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Preserve Your Gardens Bounty


Here is an article from our editor showing you more ways to use your toaster oven.


I plant a big backyard garden every year and I always try to use as much of the produce as possible. Part of that involves preserving things for use throughout the winter and following spring. I love looking at my dinner table in the middle of January and still seeing food from my garden. Here are a few ways I use my toaster oven to help.

Home Dried Herbs

I absolutely love fresh herbs and always grow tons of them. Basil, thyme, rosemary, chervil, oregano, savory and mint are some of my favorites. They, of course, taste best when they are fresh and just picked. But I do like to dry some of the extra herbs to use during the off-season.

First, heat your toaster oven to 200 degrees F. Then remove the leaves from clean, dry fresh herbs (no stems.) Spread the herbs evenly over a baking pan lined with parchment paper. Put the baking pan into the toaster oven and turn off the oven. Check them in 1 hour. The herbs should be completely dry and crumble at the touch. If not, heat the toaster oven back to 200 degrees F. Return the herbs, shut off the toaster oven and check in 30 minutes. Repeat if necessary. Store the dried herbs in an airtight container in a dark place.

Oven Dried Tomatoes

I love sun-dried tomatoes but they can be quite expensive. I make something similar in my toaster oven which I think actually tastes better, and certainly costs me a lot less. First, heat your toaster oven to 200 degrees F. Wash your tomatoes and cut them in half. Place the tomatoes, cut side up, on a baking sheet lined with parchment paper. Sprinkle with a fair amount of good sea salt.

Bake the tomatoes for 3 hours. At the end, they should be a deep red color and about 1/4 of their original size. Put the tomatoes in a glass jar and top with extra virgin olive oil. Store in the refrigerator.

Dried Chile Peppers

I absolutely love cooking spicy food, so I grow lots of chile peppers every year. I usually dry about half of them (or more) for use throughout the winter and spring. This method will work for any type of chile pepper, although the time needed for drying will depend on the type of pepper used.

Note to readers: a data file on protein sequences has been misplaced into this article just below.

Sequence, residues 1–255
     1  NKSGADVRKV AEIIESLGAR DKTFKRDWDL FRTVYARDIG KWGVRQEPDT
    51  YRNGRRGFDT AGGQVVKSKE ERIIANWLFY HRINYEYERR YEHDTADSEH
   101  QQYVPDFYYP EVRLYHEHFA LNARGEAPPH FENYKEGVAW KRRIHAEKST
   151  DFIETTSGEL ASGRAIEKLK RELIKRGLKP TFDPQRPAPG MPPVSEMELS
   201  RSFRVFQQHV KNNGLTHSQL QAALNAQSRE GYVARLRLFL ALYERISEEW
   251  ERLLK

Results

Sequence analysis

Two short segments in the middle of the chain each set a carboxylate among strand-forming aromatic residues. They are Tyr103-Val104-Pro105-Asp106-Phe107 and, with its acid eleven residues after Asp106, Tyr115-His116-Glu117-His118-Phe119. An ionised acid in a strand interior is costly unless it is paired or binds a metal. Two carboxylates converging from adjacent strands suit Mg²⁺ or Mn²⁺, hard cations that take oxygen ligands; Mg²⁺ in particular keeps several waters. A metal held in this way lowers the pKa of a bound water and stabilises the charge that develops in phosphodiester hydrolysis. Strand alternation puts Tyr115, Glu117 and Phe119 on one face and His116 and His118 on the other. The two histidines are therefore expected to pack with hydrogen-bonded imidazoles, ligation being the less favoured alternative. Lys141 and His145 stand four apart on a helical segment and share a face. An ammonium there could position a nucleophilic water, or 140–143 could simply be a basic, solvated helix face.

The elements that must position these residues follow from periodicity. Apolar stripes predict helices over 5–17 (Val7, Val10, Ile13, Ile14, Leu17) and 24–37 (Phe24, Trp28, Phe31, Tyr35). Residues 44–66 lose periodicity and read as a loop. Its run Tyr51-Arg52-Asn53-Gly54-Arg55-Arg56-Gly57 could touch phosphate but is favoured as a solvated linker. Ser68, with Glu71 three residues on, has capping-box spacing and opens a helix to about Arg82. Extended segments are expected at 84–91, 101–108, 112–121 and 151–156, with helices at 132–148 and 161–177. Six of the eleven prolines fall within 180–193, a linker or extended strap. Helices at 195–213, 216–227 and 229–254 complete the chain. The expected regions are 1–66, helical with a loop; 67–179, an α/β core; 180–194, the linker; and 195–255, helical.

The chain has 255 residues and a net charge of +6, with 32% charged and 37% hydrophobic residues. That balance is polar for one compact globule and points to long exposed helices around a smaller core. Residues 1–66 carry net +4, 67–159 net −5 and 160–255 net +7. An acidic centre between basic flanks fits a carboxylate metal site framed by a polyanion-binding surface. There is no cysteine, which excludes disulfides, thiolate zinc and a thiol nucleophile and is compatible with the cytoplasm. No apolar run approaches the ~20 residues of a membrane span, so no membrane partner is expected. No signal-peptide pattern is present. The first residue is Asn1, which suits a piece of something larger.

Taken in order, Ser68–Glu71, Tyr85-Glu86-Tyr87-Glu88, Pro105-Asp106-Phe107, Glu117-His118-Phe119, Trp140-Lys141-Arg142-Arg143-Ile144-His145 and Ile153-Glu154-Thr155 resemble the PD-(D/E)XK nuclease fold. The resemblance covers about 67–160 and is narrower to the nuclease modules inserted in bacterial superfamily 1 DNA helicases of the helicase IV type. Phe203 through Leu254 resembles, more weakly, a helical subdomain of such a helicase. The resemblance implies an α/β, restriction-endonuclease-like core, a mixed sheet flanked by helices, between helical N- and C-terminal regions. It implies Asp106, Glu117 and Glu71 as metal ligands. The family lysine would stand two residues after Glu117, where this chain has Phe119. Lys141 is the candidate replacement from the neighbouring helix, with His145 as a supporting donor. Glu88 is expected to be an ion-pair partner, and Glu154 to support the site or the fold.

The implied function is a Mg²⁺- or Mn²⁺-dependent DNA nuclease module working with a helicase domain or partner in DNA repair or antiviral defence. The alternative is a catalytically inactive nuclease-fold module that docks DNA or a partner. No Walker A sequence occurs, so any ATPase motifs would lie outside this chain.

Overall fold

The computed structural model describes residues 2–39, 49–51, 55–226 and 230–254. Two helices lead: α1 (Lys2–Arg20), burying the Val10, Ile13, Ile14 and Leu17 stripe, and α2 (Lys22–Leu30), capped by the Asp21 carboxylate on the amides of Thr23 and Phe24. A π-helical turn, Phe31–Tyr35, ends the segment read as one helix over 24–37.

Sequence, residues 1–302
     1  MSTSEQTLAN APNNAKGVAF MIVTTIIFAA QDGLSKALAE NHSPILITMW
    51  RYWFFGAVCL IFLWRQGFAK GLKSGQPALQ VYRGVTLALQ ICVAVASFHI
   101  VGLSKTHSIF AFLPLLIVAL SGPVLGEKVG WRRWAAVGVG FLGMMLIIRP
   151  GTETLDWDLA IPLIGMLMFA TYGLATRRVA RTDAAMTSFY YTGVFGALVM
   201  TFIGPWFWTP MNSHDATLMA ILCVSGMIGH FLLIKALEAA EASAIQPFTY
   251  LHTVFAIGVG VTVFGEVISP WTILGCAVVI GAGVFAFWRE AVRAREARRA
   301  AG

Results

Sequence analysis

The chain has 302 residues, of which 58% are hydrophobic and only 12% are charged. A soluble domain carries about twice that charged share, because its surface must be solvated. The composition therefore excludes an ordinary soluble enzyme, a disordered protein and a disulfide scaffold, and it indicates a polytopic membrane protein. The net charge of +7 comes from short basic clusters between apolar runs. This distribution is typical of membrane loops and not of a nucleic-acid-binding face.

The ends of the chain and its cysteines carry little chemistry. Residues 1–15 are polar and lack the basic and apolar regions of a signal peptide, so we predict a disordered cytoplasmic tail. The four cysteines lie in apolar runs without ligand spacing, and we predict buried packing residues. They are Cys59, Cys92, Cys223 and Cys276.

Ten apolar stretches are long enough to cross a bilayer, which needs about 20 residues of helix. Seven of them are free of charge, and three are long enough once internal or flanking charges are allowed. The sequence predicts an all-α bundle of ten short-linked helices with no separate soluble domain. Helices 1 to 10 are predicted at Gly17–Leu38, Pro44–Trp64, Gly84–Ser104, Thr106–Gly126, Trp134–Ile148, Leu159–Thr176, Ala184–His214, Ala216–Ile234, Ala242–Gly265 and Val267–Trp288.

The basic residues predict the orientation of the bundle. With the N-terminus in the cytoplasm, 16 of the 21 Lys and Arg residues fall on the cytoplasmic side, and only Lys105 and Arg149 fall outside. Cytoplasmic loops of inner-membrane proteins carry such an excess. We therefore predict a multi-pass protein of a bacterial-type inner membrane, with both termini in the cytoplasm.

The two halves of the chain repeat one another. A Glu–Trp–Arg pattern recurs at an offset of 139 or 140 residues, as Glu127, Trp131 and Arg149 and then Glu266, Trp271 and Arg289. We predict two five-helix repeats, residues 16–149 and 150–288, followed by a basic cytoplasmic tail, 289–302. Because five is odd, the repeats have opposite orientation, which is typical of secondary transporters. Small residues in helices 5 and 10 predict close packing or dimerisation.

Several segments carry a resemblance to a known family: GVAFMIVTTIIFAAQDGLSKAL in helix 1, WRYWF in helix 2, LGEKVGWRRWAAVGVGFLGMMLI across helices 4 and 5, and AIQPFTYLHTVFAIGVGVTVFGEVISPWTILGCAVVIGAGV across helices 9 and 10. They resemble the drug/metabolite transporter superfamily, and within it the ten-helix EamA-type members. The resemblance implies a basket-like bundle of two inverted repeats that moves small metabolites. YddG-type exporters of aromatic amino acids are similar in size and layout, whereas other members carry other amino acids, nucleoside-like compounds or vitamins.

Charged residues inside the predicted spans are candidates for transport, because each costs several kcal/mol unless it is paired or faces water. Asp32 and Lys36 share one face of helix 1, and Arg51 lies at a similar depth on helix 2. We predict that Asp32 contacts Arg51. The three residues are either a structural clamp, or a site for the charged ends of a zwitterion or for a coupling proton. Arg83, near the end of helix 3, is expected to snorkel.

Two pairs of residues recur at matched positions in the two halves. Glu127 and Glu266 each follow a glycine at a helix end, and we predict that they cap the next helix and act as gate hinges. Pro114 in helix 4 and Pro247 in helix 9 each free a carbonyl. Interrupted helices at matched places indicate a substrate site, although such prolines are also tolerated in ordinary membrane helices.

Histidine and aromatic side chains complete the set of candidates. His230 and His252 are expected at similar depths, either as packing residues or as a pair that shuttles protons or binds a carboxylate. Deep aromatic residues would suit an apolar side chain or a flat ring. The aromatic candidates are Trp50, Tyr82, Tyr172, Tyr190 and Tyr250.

You'll need a toaster oven with a low temperature setting for this task, about 100 to 120 degrees F. Often this temperature is achieved through a "warm" setting. If your toaster oven doesn't go this low, you'll just end up cooking the peppers which won't preserve them at all. You may be able to get a lower temperature by leaving the door open; be sure to check with an inst-read thermometer.

Warm the toaster oven at the lowest possible setting. Wash the chile peppers and remove the stems. Place them on a baking sheet lined with parchment paper. Put them in the toaster oven. Flip the peppers over every 30 minutes until they are completely dry. This will take anywhere from 1 to six hours depending on the size and moisture content of your peppers.

Store the cooled, dried peppers in an airtight container in a dark place. A word of warning: the natural oils in chile peppers can burn your skin and eyes. Wear gloves and don't touch your face when dealing with any spicy peppers.

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Etiam pulvinar consectetur dolor sed malesuada. Ut convallis euismod dolor nec pretium. Nunc ut tristique massa.

Nam sodales mi vitae dolor ullamcorper et vulputate enim accumsan. Morbi orci magna, tincidunt vitae molestie nec, molestie at mi. Nulla nulla lorem, suscipit in posuere in, interdum non magna.